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Hallo Michael!
Koenntest du mal ein paar Bilder von der construction(Einzelheiten) hier im forum reinstellen? Danke im voraus, Manfred Diel

70 Posts
Discussion Starter · #7 ·

Nothing special about the Rotary - it's a USA Trains model that I bougth 10 years ago from a local dealer here in Germany.

The cutting wheel has a ball bearing shaft and is coupled to an electric motor via a universal joint.

I am not familiar with USA Trains models, so I am not sure whether that is their standard (or at least was 10 years ago).

I just removed the pick-up shoes from the wheels, and some electronics ( no sound unit, just a voltage regulator, I guess), then I added batteries and a simple on-off switch.

Rotary Snowplow As on the prototype the cutting wheel is fitted with reversible knives. The cutting blades are hinged so that regardless of the cutting wheel’s direction of rotation the knives adjust themselves automatically through the combined action of centrifugal forces and the pressure of the snow. While this works perfectly on the prototype, the model seems to suffer from down-scaling effects. Centrifugal forces are much lower with a scale model. On the other hand, the snow remains the same. Unfortunately, there’s no such thing as ‘scale-snow’ in nature.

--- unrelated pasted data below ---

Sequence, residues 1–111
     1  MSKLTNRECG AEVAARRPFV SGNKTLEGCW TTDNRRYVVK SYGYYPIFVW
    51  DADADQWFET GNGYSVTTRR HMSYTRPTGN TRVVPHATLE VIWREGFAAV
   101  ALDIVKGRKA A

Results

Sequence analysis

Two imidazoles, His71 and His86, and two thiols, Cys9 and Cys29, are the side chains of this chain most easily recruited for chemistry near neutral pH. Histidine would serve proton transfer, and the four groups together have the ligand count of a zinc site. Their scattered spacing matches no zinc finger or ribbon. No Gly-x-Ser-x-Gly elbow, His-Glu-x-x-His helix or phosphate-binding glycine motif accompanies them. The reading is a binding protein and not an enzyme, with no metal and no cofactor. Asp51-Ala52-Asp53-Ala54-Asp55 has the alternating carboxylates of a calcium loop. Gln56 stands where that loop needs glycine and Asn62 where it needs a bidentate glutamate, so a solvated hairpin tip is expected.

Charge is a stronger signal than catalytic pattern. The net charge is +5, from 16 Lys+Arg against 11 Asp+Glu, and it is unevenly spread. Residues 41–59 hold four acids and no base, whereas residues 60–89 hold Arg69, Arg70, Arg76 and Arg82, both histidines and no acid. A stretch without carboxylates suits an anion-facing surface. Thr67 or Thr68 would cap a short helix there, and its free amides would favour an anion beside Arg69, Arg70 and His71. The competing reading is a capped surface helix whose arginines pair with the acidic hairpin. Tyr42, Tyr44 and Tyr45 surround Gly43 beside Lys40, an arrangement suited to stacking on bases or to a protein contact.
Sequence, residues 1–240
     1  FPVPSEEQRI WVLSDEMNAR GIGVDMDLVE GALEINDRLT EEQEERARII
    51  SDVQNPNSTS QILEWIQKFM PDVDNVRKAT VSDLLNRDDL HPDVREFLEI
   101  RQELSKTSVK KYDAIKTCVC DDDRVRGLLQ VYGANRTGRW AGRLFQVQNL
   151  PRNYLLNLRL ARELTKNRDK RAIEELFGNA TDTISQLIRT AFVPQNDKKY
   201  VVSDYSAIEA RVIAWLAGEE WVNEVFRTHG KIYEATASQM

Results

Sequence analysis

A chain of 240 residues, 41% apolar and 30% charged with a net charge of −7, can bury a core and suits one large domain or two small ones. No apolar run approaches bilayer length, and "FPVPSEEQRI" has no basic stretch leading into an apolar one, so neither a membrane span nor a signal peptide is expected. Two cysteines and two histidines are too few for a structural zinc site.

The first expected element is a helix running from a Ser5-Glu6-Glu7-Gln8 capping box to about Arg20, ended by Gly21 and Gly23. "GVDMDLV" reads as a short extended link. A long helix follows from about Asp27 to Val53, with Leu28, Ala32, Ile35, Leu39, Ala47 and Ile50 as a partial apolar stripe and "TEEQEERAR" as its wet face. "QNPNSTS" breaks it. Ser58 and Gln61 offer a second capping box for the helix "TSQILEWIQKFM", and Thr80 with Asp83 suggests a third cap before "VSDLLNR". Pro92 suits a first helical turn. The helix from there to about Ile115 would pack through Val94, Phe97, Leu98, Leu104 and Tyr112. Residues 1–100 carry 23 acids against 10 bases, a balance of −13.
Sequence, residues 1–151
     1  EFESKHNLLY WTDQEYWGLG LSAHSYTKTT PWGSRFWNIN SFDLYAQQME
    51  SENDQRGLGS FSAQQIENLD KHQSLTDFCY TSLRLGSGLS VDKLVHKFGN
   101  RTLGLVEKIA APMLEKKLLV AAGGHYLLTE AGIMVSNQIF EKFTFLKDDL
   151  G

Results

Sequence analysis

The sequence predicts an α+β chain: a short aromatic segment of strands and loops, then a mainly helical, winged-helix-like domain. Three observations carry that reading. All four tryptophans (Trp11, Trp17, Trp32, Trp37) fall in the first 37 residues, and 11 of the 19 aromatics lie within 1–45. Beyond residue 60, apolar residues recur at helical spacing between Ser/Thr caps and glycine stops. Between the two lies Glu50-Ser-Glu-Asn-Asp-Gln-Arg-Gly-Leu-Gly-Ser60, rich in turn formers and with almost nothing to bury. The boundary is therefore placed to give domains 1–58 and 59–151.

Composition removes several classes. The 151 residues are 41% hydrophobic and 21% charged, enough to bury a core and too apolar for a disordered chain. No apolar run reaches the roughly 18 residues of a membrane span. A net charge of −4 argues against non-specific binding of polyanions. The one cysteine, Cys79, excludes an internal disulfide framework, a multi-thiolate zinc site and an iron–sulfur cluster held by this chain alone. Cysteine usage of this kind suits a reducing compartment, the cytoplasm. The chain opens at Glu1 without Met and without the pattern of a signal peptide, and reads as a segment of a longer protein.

Initial test runs suggested that the knives took sort of a ‘neutral’ position when the (model) plow was pushed against the snow, which rendered them ineffective. The snow wasn’t cut and thrown out, just compacted and pushed along in front of the plow until the locomotive stalled.
To overcome this, I concluded that the knives should be locked in one position. I decided on one direction of rotation, and glued the cutting edges open in that direction.
The cutting wheel rides slightly above the rail heads. On the prototype, additional flangers and ice cutters make sure that all snow underneath is removed, too. Otherwise, it could accumulate and derail the plow or the locomotive. No such devices are fitted on the model, while the basic effects remain the same. After initial tests, I found that a short length of a felt-type sealing strip (as used on e.g. doors) worked best to sweep the rails clean. I just screwed it to the bottom part of the wheel housing.

The rest is some cosmetics to get rid of the "narrow-gauge boxcar look" of the original.

Von 2009-Feb-Snowplow Von 2009-Feb-Snowplow Von 2009-Feb-Snowplow Michael
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